A "silent" polymorphism in the MDR1 gene changes substrate specificity

Laboratory of Cell Biology, Center for Cancer Research, National Cancer Institute, Bethesda, MD 20892, USA.
Science (Impact Factor: 31.48). 02/2007; 315(5811):525-8. DOI: 10.1126/science.1135308
Source: PubMed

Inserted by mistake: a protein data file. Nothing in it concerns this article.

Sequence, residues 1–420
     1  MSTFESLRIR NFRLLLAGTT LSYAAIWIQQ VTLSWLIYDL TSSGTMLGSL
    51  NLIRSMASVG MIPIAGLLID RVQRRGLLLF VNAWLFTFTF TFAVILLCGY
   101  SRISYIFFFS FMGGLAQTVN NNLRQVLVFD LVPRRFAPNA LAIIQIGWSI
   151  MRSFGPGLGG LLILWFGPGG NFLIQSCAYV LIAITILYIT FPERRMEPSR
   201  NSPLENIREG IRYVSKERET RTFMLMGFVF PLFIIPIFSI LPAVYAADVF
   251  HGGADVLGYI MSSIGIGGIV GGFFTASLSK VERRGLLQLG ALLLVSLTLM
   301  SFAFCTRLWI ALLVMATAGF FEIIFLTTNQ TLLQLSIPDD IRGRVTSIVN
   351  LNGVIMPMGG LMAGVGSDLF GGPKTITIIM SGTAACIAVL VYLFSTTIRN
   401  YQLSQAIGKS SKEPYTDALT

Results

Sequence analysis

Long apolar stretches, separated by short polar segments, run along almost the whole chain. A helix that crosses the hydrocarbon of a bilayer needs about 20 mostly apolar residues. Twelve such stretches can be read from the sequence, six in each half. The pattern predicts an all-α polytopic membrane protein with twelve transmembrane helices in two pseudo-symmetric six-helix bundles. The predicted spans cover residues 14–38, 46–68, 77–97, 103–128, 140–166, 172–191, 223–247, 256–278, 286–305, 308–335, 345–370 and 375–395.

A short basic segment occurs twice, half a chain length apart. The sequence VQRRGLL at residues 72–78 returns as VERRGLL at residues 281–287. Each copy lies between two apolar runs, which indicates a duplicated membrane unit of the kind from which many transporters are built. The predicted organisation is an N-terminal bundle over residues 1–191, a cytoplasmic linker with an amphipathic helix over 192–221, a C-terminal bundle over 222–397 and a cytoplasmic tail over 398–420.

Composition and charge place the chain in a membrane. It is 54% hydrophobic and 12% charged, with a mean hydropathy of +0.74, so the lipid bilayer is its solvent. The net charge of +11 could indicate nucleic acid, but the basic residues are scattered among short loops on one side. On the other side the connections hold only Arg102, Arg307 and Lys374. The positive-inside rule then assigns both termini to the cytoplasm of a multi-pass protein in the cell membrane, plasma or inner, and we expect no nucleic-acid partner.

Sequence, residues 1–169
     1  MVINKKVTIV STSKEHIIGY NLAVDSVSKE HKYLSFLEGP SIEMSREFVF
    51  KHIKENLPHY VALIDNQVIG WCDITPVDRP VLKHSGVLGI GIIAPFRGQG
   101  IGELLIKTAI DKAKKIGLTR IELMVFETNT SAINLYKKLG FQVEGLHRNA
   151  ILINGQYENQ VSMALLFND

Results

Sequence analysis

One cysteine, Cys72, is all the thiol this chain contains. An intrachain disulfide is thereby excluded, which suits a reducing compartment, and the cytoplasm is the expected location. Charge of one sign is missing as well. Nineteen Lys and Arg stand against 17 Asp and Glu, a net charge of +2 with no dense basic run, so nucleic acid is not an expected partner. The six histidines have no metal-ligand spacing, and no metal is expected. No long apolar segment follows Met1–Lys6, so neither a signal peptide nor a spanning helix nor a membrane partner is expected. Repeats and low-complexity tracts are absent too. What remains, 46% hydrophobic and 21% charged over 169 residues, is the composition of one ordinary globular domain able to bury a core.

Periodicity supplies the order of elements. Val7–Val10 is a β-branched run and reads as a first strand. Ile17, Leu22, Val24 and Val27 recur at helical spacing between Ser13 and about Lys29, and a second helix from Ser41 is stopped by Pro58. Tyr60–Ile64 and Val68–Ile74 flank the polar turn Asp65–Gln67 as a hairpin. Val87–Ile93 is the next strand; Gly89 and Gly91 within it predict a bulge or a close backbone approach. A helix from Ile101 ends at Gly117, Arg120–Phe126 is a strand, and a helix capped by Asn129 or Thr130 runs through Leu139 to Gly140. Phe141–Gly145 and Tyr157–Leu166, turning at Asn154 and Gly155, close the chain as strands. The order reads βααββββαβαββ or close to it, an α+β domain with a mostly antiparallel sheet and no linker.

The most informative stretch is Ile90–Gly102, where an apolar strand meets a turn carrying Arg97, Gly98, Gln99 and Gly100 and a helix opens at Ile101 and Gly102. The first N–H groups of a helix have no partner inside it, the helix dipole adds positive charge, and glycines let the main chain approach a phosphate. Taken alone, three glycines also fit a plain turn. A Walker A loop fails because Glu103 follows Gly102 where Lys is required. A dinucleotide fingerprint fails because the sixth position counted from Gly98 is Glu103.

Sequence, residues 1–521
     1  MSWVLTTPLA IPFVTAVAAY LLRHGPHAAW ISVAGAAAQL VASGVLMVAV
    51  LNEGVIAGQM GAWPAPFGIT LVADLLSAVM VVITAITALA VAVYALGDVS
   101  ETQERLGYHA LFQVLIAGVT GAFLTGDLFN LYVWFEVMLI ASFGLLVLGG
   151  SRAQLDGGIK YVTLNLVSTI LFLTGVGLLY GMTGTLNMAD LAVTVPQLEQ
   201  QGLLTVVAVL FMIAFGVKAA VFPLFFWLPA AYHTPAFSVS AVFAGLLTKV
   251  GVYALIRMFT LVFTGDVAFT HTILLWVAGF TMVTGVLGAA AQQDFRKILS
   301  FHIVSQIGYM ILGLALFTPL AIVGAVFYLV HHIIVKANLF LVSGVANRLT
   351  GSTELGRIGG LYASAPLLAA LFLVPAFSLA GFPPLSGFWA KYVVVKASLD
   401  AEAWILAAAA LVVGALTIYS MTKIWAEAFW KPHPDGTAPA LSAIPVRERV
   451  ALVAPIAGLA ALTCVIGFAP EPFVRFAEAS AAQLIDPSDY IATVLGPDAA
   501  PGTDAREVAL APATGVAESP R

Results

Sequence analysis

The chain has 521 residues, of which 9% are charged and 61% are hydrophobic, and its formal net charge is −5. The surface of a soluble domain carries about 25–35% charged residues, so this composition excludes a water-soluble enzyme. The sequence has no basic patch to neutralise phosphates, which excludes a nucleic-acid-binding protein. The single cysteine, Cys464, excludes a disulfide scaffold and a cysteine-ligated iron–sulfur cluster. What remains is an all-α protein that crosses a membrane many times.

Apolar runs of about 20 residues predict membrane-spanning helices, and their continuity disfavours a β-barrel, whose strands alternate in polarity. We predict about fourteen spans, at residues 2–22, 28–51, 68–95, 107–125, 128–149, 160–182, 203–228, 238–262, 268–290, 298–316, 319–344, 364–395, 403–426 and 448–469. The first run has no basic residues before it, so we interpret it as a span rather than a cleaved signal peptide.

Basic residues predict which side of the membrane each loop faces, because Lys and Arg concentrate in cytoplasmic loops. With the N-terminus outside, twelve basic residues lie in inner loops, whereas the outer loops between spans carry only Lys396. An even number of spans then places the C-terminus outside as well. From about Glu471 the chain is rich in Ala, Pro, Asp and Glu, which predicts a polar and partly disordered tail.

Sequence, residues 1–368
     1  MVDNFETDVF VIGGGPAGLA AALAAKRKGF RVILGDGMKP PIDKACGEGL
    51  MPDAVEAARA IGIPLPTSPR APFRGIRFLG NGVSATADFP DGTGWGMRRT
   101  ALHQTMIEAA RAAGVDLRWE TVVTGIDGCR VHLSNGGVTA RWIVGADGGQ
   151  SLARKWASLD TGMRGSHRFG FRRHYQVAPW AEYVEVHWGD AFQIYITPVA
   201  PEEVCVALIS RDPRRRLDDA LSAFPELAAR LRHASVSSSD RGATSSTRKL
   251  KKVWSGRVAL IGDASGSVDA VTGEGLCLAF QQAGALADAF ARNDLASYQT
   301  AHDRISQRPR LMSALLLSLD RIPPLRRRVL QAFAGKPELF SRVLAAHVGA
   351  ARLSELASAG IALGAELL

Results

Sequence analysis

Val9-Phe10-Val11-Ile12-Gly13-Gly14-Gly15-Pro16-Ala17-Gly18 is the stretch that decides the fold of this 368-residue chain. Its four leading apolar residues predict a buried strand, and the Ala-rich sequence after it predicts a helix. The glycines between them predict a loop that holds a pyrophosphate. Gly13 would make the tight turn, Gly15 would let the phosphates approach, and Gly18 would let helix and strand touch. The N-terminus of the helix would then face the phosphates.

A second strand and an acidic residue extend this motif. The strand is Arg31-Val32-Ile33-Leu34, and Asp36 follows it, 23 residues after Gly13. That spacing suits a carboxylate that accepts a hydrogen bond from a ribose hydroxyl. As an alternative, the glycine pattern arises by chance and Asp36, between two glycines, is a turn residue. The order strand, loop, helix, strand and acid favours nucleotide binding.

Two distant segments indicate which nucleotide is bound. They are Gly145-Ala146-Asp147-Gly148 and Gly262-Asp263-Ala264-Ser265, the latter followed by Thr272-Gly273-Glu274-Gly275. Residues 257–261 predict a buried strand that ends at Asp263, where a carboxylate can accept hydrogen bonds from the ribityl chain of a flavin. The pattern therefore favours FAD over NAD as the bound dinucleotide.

ABSTRACT Synonymous single-nucleotide polymorphisms (SNPs) do not produce altered coding sequences, and therefore they are not expected to change the function of the protein in which they occur. We report that a synonymous SNP in the Multidrug Resistance 1 (MDR1) gene, part of a haplotype previously linked to altered function of the MDR1 gene product P-glycoprotein (P-gp), nonetheless results in P-gp with altered drug and inhibitor interactions. Similar mRNA and protein levels, but altered conformations, were found for wild-type and polymorphic P-gp. We hypothesize that the presence of a rare codon, marked by the synonymous polymorphism, affects the timing of cotranslational folding and insertion of P-gp into the membrane, thereby altering the structure of substrate and inhibitor interaction sites.

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